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# [fit]`Looping`

• Perform a task repeatedly or a certain number of times

• Perform a task repeatedly until a condition is met

• Process all of the items in a collection

We've seen this with the `while` control flow:

## Do something 10 times.

``var counter = 0;while (counter < 10) {  Console.WriteLine("Doing something");  counter++;}``

^ `counter++` is a shortcut for `counter = counter + 1`

# Introducing `for` loop

``// Do this at the start//      |//      |        Keep going as long as this is true//      |               |//      |               |     Do this after each loop is done//      |               |         |//      |               |         |//      V               V         Vfor(INITIALIZATION; CONDITION; AFTERTHOUGHT) {  // Loop statements}``

# [fit] Revisiting printing something 10 times

``// Start the counter at 0//      |//      |        Keep going as long as counter is less than 10//      |               |//      |               |        Increment counter after each loop is done//      |               |             |//      |               |             |//      V               V             Vfor (var counter = 0; counter < 10; counter++) {  Console.WriteLine("Doing something");}``

^ Another way to read the for loop is Start the counter at 0 and as long as the value of counter is less than 10, do the contents of the loop and then increment counter.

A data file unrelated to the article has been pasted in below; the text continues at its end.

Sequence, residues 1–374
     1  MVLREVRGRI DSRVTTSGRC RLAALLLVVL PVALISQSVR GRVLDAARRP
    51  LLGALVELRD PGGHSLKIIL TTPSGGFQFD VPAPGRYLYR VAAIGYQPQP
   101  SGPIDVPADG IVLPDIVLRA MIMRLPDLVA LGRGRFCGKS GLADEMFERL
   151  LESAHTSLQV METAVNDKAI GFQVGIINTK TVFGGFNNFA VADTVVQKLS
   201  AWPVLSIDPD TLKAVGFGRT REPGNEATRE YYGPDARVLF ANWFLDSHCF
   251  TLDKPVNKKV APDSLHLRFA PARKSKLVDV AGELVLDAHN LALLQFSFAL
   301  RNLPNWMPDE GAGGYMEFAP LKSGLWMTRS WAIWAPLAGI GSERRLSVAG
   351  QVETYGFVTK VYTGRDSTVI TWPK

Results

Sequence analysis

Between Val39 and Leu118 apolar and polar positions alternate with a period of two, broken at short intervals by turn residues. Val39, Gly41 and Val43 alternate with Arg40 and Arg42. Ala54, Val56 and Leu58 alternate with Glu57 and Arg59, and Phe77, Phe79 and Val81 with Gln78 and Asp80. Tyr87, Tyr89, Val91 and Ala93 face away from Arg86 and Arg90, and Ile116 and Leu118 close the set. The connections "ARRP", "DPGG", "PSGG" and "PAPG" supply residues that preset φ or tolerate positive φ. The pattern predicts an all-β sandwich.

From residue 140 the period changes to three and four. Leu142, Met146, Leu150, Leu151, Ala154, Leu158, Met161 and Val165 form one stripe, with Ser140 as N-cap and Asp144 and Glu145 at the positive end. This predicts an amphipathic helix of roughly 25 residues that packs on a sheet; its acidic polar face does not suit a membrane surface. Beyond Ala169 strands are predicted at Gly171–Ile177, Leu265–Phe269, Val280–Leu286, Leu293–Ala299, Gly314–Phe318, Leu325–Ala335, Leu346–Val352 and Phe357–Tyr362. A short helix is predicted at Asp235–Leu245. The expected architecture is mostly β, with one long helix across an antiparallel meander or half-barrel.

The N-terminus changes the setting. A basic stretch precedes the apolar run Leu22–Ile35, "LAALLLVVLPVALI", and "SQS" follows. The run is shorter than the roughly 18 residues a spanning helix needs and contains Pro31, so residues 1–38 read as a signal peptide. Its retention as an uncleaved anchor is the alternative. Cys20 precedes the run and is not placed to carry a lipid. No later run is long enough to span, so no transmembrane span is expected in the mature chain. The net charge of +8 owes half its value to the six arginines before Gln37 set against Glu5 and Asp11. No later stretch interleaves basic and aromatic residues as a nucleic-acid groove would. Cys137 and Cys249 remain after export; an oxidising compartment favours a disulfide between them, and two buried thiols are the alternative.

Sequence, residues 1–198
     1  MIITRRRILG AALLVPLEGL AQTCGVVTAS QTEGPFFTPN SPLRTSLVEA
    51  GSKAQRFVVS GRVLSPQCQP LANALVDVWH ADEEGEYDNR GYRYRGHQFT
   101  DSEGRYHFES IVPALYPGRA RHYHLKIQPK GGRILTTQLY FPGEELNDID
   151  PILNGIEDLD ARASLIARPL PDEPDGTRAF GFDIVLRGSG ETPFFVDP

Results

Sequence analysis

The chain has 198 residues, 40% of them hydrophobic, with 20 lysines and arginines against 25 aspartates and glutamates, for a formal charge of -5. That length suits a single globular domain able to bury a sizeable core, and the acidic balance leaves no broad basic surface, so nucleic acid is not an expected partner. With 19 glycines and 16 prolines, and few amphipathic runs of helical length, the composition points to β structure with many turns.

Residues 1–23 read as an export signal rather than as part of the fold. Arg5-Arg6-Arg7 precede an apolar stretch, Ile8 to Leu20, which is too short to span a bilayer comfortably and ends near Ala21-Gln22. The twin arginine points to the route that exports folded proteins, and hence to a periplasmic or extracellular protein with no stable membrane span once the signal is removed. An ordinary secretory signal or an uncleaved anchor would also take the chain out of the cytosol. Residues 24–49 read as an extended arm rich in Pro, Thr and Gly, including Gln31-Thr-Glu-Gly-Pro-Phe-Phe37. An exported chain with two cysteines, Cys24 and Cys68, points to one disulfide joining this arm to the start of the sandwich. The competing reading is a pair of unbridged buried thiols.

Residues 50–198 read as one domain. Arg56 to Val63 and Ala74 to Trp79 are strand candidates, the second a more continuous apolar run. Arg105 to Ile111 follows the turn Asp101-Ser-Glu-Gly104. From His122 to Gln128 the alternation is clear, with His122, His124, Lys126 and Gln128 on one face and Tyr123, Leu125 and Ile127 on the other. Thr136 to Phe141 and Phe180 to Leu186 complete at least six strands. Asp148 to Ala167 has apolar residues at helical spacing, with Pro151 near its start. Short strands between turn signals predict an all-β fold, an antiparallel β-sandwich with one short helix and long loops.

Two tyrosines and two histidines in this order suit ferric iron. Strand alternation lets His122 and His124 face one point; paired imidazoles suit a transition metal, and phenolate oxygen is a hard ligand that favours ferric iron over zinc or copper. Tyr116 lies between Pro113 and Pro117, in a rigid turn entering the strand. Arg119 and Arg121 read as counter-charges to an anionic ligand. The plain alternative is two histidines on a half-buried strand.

# Looping through a List

``var names = new List<string>() { "Mark", "Paula", "Sandy" };``

Let's loop through this list and print out each name.

``// Start the index at 0//      |//      |        Keep going as long as index is less than the length of the list//      |                 |//      |                 |        Increment index after each loop is done//      |                 |                   |//      |                 |                   |//      v                 v                   vfor (var index = 0; index < names.Count; index++) {  var currentName = names[index];  Console.WriteLine(currentName);}Console.WriteLine("Hi, this is code after the loop");``

# Pretending we are .NET

It is often helpful to imagine we are .NET and walk through the code and see it how the computer does

``var names = new List<string>() { "Mark", "Paula", "Sandy" };for (var index = 0; index < names.Count; index++) {  var currentName = names[index];  Console.WriteLine(currentName);}Console.WriteLine("Hi, this is code after the loop");``

[.column]

[.code-highlight:1]

``var names = new List<string>() { "Mark", "Paula", "Sandy" };for (var index = 0; index < names.Count; index++) {  var currentName = names[index];  Console.WriteLine(currentName);}Console.WriteLine("Hi, this is code after the loop");``

[.column]

Make a List of three strings.

``names    =>  "Mark", "Paula", "Sandy"``

[.column]

[.code-highlight:3]

``var names = new List<string>() { "Mark", "Paula", "Sandy" };for (var index = 0; index < names.Count; index++) {  var currentName = names[index];  Console.WriteLine(currentName);}Console.WriteLine("Hi, this is code after the loop");``

[.column]

First time at this loop. Do the initialization. Make `index` equal to `0`

[.code-highlight:2]

``names   =>  "Mark", "Paula", "Sandy"index   =>  0``

[.column]

[.code-highlight:4]